or Connect
ChefTalk.com › ChefTalk Cooking Forums › Cooking Discussions › Food & Cooking › Pre Cooking Steaks
New Posts  All Forums:Forum Nav:

Pre Cooking Steaks

post #1 of 27
Thread Starter 
Hi, My Name Is Tim, I Do Weekend Events For A Fraternal Org. Called The Knights Of Columbus. Ive Been At This Now For The Last Four Yrs And Enjoy It Greatly. Alas I Can Say I've Never Had Formal Training As A Cook And Am Looking To Expand My Horizons. My Question Is I'll Be Cooking Rib Eye Steaks (8oz.) On The Grill For 180-200 People Next Month For A Benefit Golf Tourn. Can I Cook Them Ahead And Hold In My Holding Oven,or Any Other Thoughts.
Thanks
post #2 of 27
That's a tough one to hold because an 8oz ribeye is really small.

Suggestions anyone else?
post #3 of 27
How are they being served? buffet or table service? sauce? how big is grill?
Am thinking they will hopefully go out medium rare? this is a tough one (no pun here),

I am not sure how to approach it without more information???

could you possibly switch to tenderloin and roast them?

Nan
post #4 of 27
I would think though Im not 100% sure but if you do cook them ahead of time wouldnt they dry out in a cooking hold if held there for any major length of time? 8oz isnt very big so its a possibility...?
Lets cook the night away!
Reply
Lets cook the night away!
Reply
post #5 of 27
Absolutely not.

Other thoughts: Rent a commercial size grill, around a 7 or 8 feet, or rent two five footers, and add two helpers. Cooking that many small steaks seems like a lot, but it really isn't a big deal at all.

Set up your salads and sides table at a right angle to your grill service area so guests can move easily from the salads to the steaks.

Make sure you have a pair of long tongs for each grill person and a couple of back up pairs. Keep the tongs with the grill, don't let them go to salad and size service. If you're using volunteer help, ask them to bring an oven mitt or a long sleeve sweater and a pair of gloves to protect their hands and forearms. Bring at least two "instant-read" thermometers, too. Remember the steaks are going on in groups and each group is cooking in a temperature-consistent area. When one steak in a group is done, so are they all. (I finger test for doneness, but you shouldn't unless you know you and your helpers can do it with the pressure on.)

Start the grills going, and when it's preheated, lay your first group of steaks across the center of the grill. Once they're on, lay your next groups across the far side, than the next on the side nearest you. You should be able to cook 5 to 6 dozen steaks at any time. At normal grill temps, an 8 oz rib steak (about 1/2" thick) takes 3 minutes a side to medium, so you're going to be loading, turning, and pulling with only brief rests between each. When you pull the first group of steaks off the center of the grill, place them in a warm hotel pan with some hot "jus," reload the grill and announce that the salad line is open. You'll be cooking to order about half way through the line and the last group will have to wait two or three minutes for their steaks to finish cooking. Keep a small section of each grill for people who want their steaks medium-well or well done. Either the outside edge or half the line closest to the cooks. Cook all steaks to 140 deg (which is right between med-rare and med), unless med-well or well is requested, then cook to 155. Some people like their steaks cooked to death. FWIW, very well done is 165 and very rare is 125. If someone asks for medium rare try and give them a steak right off the grill, if they want medium give them one that's been held longer.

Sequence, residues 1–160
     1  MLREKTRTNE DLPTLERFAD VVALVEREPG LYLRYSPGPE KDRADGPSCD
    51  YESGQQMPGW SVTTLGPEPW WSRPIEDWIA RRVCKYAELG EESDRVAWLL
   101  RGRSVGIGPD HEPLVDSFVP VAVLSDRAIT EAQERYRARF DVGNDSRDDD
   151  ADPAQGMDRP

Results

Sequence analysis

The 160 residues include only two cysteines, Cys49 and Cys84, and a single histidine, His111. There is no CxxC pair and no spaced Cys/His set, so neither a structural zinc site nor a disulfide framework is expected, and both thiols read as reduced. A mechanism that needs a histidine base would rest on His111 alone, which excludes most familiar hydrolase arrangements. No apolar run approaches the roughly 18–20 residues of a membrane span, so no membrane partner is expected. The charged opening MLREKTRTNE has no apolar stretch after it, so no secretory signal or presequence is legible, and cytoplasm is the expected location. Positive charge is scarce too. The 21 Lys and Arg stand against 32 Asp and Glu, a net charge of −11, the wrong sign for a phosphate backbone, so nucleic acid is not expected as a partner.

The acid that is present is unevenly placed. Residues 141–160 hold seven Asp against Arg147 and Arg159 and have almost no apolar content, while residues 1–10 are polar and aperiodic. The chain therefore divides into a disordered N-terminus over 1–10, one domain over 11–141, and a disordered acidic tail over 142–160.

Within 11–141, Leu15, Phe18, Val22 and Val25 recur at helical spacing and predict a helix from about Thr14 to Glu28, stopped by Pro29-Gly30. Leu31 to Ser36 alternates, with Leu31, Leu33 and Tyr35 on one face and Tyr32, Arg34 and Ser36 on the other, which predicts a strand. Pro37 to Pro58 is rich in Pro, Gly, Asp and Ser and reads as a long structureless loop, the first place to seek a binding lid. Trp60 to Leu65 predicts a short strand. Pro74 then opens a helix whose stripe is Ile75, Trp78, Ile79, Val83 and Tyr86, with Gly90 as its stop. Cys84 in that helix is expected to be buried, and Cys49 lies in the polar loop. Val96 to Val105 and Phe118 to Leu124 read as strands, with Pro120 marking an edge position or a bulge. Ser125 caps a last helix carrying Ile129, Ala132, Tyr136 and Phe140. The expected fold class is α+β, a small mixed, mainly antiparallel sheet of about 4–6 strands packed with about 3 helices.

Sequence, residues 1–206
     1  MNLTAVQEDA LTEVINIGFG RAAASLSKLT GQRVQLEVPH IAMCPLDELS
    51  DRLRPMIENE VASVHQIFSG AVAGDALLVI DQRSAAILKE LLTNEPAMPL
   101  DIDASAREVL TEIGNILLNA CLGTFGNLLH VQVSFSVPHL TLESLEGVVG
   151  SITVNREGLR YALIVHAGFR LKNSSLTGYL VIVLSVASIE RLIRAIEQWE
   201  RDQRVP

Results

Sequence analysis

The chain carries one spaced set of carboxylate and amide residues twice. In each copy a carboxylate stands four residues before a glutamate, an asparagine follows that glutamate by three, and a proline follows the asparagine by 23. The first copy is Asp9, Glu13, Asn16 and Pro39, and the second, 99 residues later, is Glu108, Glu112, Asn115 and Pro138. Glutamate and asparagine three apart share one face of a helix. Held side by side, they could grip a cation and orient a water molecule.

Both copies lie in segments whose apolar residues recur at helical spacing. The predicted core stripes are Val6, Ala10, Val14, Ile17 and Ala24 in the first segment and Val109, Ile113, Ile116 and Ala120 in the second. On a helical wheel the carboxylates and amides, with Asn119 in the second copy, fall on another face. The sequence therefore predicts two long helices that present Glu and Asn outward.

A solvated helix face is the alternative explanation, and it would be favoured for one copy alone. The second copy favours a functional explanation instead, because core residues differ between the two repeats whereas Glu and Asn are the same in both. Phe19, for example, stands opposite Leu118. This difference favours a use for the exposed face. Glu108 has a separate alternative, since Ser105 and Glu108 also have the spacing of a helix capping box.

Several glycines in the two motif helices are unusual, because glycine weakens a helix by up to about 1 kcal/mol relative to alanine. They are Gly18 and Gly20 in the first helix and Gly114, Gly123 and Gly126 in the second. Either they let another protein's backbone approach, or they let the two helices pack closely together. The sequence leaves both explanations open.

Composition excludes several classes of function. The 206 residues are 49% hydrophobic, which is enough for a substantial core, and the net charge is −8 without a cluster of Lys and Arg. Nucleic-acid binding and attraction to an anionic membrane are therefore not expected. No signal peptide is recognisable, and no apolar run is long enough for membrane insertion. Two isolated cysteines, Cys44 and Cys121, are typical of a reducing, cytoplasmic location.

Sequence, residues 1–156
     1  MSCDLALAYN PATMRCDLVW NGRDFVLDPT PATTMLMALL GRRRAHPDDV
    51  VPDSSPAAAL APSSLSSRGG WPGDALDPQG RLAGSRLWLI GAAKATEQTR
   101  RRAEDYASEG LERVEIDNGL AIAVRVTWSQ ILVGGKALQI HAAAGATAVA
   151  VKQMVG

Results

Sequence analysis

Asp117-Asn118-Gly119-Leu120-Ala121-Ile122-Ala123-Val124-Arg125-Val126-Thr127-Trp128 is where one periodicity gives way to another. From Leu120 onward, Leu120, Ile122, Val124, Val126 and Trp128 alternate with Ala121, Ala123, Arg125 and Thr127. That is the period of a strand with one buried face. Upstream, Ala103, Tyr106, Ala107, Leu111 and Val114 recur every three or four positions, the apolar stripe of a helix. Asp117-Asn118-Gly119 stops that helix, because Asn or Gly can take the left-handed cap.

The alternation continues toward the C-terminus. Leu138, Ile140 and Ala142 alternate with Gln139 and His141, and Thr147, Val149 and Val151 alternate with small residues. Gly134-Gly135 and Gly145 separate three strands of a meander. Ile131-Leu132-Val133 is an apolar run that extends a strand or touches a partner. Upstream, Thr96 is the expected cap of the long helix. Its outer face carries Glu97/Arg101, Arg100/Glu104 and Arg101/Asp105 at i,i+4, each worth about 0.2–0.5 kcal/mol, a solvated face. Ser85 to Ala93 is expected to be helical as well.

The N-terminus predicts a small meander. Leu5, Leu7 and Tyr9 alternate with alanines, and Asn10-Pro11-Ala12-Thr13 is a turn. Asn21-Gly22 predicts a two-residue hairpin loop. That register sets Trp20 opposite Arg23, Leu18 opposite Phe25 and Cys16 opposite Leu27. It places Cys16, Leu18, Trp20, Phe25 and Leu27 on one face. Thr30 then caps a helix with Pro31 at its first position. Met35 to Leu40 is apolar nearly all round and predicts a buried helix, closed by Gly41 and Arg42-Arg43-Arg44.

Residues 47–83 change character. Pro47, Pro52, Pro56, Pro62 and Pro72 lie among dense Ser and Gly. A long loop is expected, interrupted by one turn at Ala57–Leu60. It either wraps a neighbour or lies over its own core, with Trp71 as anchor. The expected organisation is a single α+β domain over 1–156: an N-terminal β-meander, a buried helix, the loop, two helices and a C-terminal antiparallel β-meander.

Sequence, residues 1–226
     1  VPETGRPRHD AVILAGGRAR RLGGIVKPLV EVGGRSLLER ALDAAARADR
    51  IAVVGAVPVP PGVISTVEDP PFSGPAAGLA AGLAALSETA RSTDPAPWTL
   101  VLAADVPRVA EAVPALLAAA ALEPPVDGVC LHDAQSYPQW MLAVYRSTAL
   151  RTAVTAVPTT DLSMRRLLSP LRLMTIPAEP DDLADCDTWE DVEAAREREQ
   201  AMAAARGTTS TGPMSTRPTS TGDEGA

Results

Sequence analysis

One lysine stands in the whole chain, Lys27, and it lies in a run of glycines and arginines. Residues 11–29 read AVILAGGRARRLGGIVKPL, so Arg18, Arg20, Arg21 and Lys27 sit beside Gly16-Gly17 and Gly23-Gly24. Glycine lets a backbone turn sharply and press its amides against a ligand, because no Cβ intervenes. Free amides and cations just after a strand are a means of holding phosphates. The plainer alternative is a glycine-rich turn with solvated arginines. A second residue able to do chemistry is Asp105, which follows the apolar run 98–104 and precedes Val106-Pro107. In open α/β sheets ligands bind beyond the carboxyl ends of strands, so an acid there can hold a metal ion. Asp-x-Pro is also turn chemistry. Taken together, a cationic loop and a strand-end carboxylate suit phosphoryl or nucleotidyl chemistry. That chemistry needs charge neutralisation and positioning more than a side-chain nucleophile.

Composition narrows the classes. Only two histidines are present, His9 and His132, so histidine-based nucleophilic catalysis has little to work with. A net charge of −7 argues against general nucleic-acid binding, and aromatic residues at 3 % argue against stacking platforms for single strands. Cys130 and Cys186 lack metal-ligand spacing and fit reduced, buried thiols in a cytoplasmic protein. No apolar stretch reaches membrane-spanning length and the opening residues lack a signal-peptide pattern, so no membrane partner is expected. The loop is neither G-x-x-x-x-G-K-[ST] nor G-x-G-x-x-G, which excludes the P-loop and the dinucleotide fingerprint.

Here's a recipe for a fast and dirty catered steak "jus."
(For 1/2 gallon)
Ingredients:
4 cups beef stock
1 bottle red wine, preferably Zinfandel
1 cup Worcestershie sauce
1/4 cup (4 tbs) minced garlic
8 oz (2 sticks) butter
1/2 cup chopped parsley.
Salt and black pepper

Technique:
Put all ingredients in a pot, bring to the simmer. Cook until the garlic is no longer bitter, about 15 minutes. Taste and adjust for salt and pepper. Add the butter and parsley, allow the butter to melt. You can hold this sauce refrigerated for several days before reheating, or hold hot, and just before service pour about half a cup of the finished sauce into your hotel pan. When the pan is loaded add another half cup on top. This will help keep the steaks hot and moist without adding or taking too much taste. The protein/fat balance is similar to the steaks itself and will add a "lip smacking" quality to the first bite.